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David Morton Emphasizes Critical Role of The Juniper Fund in the Aftermath of Everest Tragedy
Posted on June 23, 2015

Tshering Doka Sherpa, mother of Chhiring Ongchu lights candles for her son on the one year anniversary of his passing.

Two months ago, when a magnitude-7.8 earthquake devastated Nepal and triggered a tragic avalanche on Mt. Everest, Eddie Bauer guide and Juniper Fund co-founder David Morton was eighty miles east in Thame. Morton was guiding a longtime client on Kyajo Ri Peak with two Sherpa friends he’d known for years, when the earth started to shake. The immediate struggle for survival turned quickly into a journey of emotional intensity and a realization of the life-shattering nature of the tragedy, especially when the first aftershock hit less than a day later. For Morton, who now serves as executive director of The Juniper Fund, the quake dramatically and suddenly expanded the mission of the philanthropic effort he co-founded with Eddie Bauer teammate Melissa Arnot—to financially support the families of all 27 high-altitude workers lost during the last two tragic seasons on the world’s tallest peak. In the following piece, he describes the critical role of The Juniper Fund and what you can do to help. —LYA Editor

DaChikki Sherpa holds her favorite photo of her son, Mingma Tenzing Sherpa. They shared a home together.

Words and Images by David Morton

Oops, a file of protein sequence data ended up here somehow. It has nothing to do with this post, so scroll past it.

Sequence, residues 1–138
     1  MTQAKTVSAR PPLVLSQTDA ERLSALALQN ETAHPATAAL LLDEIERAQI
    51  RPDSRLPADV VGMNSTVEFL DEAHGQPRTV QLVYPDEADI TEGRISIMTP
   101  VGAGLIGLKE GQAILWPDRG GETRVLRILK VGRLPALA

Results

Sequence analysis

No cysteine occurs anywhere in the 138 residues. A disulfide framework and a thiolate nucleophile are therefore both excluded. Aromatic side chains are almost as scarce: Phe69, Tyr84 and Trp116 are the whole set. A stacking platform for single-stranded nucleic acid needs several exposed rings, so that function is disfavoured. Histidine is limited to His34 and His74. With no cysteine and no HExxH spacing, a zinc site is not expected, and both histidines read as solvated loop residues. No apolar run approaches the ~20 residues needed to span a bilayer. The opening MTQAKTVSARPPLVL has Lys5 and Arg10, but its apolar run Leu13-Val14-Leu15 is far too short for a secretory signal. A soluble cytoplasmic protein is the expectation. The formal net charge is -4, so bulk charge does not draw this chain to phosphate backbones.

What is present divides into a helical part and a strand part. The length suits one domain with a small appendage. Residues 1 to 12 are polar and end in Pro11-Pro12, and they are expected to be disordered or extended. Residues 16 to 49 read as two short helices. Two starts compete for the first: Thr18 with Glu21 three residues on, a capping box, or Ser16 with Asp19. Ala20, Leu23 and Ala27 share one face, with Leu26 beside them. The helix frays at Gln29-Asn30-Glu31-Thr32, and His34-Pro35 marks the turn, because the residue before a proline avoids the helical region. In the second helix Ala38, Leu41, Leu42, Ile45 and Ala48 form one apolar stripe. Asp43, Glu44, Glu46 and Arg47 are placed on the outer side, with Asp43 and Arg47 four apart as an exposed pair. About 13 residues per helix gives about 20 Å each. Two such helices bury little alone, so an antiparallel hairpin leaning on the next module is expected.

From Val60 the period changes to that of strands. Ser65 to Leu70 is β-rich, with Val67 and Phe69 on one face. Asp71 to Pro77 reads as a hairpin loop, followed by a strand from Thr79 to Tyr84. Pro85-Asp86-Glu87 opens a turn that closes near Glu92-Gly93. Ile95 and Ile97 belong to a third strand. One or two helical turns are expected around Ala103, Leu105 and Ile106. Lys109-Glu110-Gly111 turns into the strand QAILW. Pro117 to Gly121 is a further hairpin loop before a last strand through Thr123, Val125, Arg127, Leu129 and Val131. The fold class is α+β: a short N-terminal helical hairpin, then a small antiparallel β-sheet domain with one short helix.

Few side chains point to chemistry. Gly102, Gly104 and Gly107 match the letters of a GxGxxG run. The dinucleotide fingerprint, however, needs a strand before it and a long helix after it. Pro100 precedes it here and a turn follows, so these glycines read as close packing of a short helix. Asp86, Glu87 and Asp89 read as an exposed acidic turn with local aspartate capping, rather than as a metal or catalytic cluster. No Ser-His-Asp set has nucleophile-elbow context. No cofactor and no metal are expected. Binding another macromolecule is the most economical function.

So what now? Two devastating years on the busiest mountain in the Himalaya leaves many questions.

 

The earthquakes in Nepal this season have had a devastating effect on the local people, particularly those in the mountainous regions of the country. The economic and emotional damage will endure for the foreseeable future, and the loss of life, and livelihoods, has been profound. The nation is dealing with unfathomable difficulties due to the long road of rebuilding, and many of the poorest districts are the hardest hit. The expedition industry and its workers also took a hit.

“On Mt. Everest, the tragedies of April 18, 2014, in the Khumbu Icefall and of April 25, 2015, at Everest Base Camp caused dramatic casualties among local expedition workers. Twenty-seven Nepali expedition workers were killed in these two events.”

 

On Mt. Everest, the tragedies of April 18, 2014, in the Khumbu Icefall and of April 25, 2015, at Everest Base Camp caused dramatic casualties among local expedition workers. Twenty-seven Nepali expedition workers were killed in these two events. When you include all expedition worker deaths in 2014 and 2015 (to date), the number rises to 35. Expedition work is dangerous, and has devastating consequences for the families left behind. Nepal desperately needs the return of tourism to bring dollars back after the earthquake. If for you that includes climbing expeditions, it’s important to be informed about worker welfare.